As I’ve noted, their former architecture was Java-based, but the same idea applies to the typical deployment of projects based on dynamic languages. While readily admitting I’ve done precious little with dynalang projects in the enterprise, from what I’ve read and have heard people discuss, it seems the most common deployment scenario is, for example, Apache httpd with mod_foo installed. There might even be a cluster of these httpd instances (or some other web server that a language or framework suggests) behind a load balancer or two, and that seems to work for a lot of people. While effective, though, it seems that such a configuration leaves a lot of grunt infrastructure work up to the development or production support team.

    Enter the Java EE stack. As the Mollom engineer noted, using an application server like GlassFish gives the developer and support teams quite a bit of infrastructure for free. In addition to what he listed, a full EE stack can also give you clustering/high-availability, monitoring, server management, etc. (Note: GlassFish v2 support all of these. GlassFish v3 does not support clustering, but GlassFish 3.1, which is just about ready to ship, will). Many of the "ancillary things that make big systems work" are provided for you. It’s not free, of course. The system demands are typically higher, and those "ancillary things" have to be configured, tuned and monitored, but they don’t have to be developed, which makes the systems that run on them a fair bit simpler.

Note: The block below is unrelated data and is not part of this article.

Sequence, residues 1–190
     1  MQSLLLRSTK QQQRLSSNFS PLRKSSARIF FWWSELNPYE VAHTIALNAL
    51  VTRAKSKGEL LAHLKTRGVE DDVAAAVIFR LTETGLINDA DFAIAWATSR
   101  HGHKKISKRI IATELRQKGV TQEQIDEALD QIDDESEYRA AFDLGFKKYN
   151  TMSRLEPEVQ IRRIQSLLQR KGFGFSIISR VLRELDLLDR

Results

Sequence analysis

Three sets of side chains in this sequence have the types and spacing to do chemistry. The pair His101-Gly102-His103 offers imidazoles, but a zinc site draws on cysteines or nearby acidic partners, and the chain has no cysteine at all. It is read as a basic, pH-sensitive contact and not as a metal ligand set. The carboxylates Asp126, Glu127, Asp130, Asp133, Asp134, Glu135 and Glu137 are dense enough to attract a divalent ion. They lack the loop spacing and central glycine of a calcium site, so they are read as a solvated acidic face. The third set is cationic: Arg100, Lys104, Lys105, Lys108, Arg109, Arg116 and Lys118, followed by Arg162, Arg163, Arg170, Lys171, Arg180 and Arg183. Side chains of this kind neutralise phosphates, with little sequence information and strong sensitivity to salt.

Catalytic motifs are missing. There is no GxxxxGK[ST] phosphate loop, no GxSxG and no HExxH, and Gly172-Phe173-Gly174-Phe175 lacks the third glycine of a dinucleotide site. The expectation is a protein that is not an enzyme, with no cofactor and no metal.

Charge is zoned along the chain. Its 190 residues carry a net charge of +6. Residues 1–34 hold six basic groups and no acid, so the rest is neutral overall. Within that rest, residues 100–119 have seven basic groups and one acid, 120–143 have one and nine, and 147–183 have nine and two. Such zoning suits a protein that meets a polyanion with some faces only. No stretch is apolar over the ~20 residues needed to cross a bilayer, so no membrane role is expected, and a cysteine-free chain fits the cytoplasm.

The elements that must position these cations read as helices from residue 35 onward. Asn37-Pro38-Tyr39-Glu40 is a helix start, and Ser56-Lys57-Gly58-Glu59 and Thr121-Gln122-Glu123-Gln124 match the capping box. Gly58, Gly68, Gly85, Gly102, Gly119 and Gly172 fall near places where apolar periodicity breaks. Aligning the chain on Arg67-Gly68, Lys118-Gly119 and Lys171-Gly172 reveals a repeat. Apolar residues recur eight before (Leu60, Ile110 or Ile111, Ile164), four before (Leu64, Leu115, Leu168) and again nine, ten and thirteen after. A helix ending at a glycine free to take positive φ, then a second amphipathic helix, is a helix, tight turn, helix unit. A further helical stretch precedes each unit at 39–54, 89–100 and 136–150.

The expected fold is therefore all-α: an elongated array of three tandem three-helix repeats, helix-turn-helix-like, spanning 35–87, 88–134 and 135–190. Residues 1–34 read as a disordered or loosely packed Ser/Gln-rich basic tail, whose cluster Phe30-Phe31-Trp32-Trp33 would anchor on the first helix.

It is possible, of course, to get the best of both worlds. Some dynamic languages, like Groovy, already run on the JVM, while projects like JRuby and Jython allow running those languages in a Java EE container, all while still reaping the benefits that dynamic languages offer. For shops that using those languages, or would like to, this is a very compelling option.

    Dynamic languages do offer a lot that we Java developers would love to use, but users of those dynamic languages would be well-served to take a good look at the Java EE stack and see if perhaps Java can add value to their deployment.




  • GlassFish v3 Virtual Conference

    This is a little late notice, but we at Sun are holding a "virtual conference" covering GlassFish v3, Java EE 6, etc. You can find details here. It starts in 30 minutes (10:00 CST, 8:00 PST). :)



  • Interested in Servlet 3.0?

    If so, you might be interested in the latest webinar from The Aquarium covering Java EE 6 and Servlet 3.0. Spec leads Roberto Chinnici and Rajiv Mordani will be leading the next session covering these two topics. Eduardo has the details.



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    My name is Jason Lee. I am a software developer living in the middle of Oklahoma. I’ve been a professional developer since 1997, using a variety of languages, including Java, Javascript, PHP, Python, Delphi, and even a bit of C#. I currently work for Red Hat on the WildFly/EAP team, where, among other things, I maintain integrations for some MicroProfile specs, OpenTelemetry, Micrometer, Jakarta Faces, and Bean Validation. (Full resume here. LinkedIn profile)

    I am the president of the Oklahoma City JUG, and an occasional speaker at the JUG and a variety of technical conferences.

    On the personal side, I’m active in my church, and enjoy bass guitar, running, fishing, and a variety of martial arts. I’m also married to a beautiful woman, and have two boys, who, thankfully, look like their mother.